School will start in the nation’s capital in just two weeks, but 216 D.C. schoolchildren still don’t know where they’ll be going because Education Secretary Arne Duncan rescinded their Opportunity Scholarships. And, in spite of promises to do whatever works in education, the Obama Administration has tolerated Congressional efforts spearheaded by Sen. Dick Durbin (D-IL) to kill this successful school choice program. D.C. Parents for School Choice Executive Director Virginia Walden Ford has composed a few questions for White House Press Secretary Robert Gibbs that she thinks should be asked during today’s press briefing. So do we:
D.C. PARENTS FOR SCHOOL CHOICE RECOMMENDED MEDIA QUESTIONS FOR WHITE HOUSE PRESS SECRETARY ROBERT GIBBS, 8/21/09
1. This Spring, the Administration revoked the D.C. Opportunity Scholarships for 216 low-income D.C. students. D.C. public schools start in the next two weeks. Parents, Senators and Congressmen, and the D.C. City Council have all said they want these scholarships restored. Will the Administration speak out publicly today and explain why these children should be denied scholarships?
2. President Obama often talks about parental responsibility and the importance of kids staying in school. But his actions on the D.C. Opportunity Scholarship Program-the federally-funded school voucher program for the District of Columbia-look hypocritical. By revoking the scholarships for 216 kids who were slated to go to private schools this fall, the Administration has virtually assured that the vast majority of those 216 kids will be sent to demonstrably failing public schools where most kids DON’T stay in school. Is this a moral issue, now that the president has pulled the rug out from under these families, or is this just being viewed through a political lens at the White House?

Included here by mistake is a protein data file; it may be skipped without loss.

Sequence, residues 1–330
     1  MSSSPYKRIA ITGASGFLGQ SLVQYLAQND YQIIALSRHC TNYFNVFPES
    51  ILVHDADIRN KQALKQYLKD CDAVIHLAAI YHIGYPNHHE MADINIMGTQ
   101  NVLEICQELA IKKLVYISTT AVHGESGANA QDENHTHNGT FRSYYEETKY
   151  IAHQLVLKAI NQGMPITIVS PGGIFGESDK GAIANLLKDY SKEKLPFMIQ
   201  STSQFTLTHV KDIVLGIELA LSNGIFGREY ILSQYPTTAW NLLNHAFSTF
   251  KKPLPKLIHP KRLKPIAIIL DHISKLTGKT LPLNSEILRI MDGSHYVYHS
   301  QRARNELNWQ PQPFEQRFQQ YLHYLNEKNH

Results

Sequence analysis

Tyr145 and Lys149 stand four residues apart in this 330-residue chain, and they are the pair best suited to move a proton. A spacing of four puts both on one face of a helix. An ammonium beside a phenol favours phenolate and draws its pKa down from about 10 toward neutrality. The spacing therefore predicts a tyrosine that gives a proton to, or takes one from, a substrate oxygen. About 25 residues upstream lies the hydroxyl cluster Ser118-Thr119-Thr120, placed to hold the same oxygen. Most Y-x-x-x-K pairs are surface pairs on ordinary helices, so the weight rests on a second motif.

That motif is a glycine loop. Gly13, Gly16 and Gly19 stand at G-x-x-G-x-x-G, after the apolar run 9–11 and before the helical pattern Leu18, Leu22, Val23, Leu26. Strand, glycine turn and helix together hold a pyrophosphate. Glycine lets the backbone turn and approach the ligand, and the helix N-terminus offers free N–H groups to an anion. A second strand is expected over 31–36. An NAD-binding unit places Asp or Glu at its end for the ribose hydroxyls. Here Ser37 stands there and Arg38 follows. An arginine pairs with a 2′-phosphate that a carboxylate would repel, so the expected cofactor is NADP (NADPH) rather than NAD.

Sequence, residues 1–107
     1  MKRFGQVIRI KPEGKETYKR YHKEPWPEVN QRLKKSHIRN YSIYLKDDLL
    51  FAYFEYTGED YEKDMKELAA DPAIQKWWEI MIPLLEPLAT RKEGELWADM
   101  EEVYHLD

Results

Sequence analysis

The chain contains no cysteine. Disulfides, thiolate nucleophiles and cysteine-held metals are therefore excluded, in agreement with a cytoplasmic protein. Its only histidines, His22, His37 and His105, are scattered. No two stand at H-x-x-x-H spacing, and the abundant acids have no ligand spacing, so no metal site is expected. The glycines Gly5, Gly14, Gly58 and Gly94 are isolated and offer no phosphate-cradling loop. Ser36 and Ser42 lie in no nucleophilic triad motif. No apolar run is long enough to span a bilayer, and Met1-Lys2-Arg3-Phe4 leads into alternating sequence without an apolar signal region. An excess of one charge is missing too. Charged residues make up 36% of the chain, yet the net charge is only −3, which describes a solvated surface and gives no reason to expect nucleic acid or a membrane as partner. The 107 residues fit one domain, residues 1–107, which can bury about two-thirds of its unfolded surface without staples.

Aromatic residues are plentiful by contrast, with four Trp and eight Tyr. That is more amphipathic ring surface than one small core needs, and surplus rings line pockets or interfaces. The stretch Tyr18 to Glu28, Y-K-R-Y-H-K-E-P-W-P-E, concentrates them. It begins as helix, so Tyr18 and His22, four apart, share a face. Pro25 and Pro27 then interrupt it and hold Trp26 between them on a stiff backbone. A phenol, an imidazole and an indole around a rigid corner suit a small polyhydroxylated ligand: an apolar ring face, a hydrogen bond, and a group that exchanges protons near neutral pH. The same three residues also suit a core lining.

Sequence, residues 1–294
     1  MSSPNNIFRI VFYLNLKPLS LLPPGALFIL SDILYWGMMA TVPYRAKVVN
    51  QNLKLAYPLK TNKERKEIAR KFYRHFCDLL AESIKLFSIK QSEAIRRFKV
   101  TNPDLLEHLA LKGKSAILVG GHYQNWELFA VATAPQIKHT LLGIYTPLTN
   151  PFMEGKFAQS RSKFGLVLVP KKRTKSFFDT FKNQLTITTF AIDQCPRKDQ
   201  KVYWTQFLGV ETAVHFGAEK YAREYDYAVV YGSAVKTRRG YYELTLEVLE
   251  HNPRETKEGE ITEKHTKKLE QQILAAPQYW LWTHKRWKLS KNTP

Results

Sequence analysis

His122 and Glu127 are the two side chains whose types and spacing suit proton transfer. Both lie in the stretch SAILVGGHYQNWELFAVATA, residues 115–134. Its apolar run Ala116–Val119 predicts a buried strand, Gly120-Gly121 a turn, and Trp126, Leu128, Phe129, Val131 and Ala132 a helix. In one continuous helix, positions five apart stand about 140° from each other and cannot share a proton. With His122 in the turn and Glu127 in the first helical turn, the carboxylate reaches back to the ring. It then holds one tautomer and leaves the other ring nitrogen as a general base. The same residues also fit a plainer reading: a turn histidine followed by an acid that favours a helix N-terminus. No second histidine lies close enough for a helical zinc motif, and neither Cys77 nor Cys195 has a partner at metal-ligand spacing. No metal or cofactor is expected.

3. A think tank that supports many of the President’s education proposals has said it was “morally wrong” to revoke the scholarships for the D.C. 216. So, is there any moral dilemma going on within the Administration right now regarding these low-income D.C. families and their inability to participate in the scholarship program? After spending $3 billion on “cash for clunkers” vouchers and with a new $5 billion discretionary fund at Secretary Duncan’s disposal, isn’t there a disconnect? Is the Administration saying to these children that they have to wait years for the system to improve?
4. Senator Lieberman, Senator Feinstein and a handful of other senators from both sides of the aisle have introduced legislation to extend the D.C. Opportunity Scholarship program. The D.C. school voucher program-whether the Administration likes vouchers or not-has gotten strong reviews from independent evaluators. Given that the Administration has said they’ll “fund what works, regardless of ideology,” would the President plan on signing this bill?
5. The Administration has refused to make ANY public comment on the Opportunity Scholarship Program. The President is a product of private school scholarships. The Secretary has stated publicly that he enrolled his children in higher-quality Arlington schools. Why should the Opportunity Scholarship Program be limited to existing children only? What about their siblings? Given the silence from the Administration, even as parents are protesting outside of the Department of Education, is it safe to say the Administration is just waiting these parents out and ignoring them in hopes they’ll go away? If so, isn’t this a bit unfair?
Dr. Murray is co-author with Evelyn Stacey of the IWF policy brief, “Down but Not Out in D.C.: Bi-Partisan, Bi-Cameral Efforts to Continue the Opportunity Scholarship Program” at www.iwf.org.